UK govt’s new laws to let employers fire workers amid frequent strikes

The new legislation will require minimum service levels in essential sectors, including the National Health Service (NHS), railroads, teaching, the fire brigade, and the nuclear sector.

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On Thursday, UK Prime Minister Rishi Sunak announced that his government plans to introduce legislation that will allow employers in essential sectors to terminate the employment of striking workers. As per The Times, the legislation is expected to be introduced in Parliament as early as this week.

The new legislation will also allow the employers to take legal action against trade union workers who refuse to deliver, fail to provide a minimum level of service, or participate in strikes.

The minimum level of service ensures a certain percentage of union members in any sector continue to work. In recent months, the UK has seen a number of protests and strikes, particularly in the rail sector, which has struggled to keep up with wages due to rising inflation.

Therefore, as a counter-measure, the law proposed by Sunak states that if unions fail to provide the minimum level of service, any form of strike will be illegal.

Reportedly, the new legislation will require minimum service levels in essential sectors, including the National Health Service (NHS), railroads, teaching, the fire brigade, and the nuclear sector. Striking workers in these sectors may be subject to legal action and dismissal for breach of contract.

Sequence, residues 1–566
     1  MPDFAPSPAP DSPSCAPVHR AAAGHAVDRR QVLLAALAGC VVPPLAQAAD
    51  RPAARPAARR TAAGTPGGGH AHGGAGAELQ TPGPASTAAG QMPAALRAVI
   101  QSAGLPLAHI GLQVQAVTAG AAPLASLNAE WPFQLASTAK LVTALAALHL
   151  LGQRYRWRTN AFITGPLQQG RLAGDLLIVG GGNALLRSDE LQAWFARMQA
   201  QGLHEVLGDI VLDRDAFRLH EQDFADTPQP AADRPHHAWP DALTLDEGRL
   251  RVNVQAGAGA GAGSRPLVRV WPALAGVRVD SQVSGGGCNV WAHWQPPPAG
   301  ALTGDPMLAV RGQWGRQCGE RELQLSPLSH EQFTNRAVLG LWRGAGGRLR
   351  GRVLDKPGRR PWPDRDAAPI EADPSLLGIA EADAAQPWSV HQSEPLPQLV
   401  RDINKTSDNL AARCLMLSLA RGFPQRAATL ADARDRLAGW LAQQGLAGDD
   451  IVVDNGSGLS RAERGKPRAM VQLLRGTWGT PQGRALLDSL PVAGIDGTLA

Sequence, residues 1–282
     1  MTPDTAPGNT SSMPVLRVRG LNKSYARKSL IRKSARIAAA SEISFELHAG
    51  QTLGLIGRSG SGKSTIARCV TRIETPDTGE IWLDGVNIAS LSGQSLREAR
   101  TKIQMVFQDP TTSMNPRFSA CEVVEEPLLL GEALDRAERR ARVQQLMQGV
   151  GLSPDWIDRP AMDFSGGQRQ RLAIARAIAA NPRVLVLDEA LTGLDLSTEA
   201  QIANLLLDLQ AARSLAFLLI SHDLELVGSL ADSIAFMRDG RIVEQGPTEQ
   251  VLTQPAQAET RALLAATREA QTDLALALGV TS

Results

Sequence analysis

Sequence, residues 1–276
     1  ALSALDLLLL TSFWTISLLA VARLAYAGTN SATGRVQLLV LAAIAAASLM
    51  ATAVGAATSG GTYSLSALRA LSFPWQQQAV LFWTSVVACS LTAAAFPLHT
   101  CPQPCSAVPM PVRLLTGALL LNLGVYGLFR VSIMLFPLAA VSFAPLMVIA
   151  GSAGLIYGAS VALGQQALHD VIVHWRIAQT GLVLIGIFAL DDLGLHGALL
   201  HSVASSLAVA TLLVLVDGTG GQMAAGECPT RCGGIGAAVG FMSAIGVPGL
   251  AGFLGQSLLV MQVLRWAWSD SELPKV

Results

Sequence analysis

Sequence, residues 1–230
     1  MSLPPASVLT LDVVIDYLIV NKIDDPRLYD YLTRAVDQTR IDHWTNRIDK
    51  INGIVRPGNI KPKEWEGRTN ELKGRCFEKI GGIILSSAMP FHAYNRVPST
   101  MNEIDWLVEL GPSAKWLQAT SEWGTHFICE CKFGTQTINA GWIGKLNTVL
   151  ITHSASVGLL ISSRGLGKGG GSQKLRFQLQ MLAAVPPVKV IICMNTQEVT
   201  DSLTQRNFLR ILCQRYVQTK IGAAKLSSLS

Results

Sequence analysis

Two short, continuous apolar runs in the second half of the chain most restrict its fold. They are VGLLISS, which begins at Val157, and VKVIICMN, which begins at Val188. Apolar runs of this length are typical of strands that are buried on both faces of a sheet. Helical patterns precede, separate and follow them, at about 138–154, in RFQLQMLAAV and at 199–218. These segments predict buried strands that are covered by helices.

Under the government’s plan, British employers will be able to legally challenge unions and/or terminate the employment of workers who participate in protests, effectively curtailing the right to strike. Sunak’s office at 10 Downing Street has said that the government will outline its next steps ‘in the coming days’. This legislation was promised by Sunak last year after strikes by NHS nurses, ambulance drivers, and rail workers, causing the largest losses in working days for the government since 1989.

Reportedly, the proposed legislation is already facing opposition in the House of Lords from Keir Starmer, the leader of the opposition Labour Party, who has warned that if his party wins the election in 2024, they will repeal the law.

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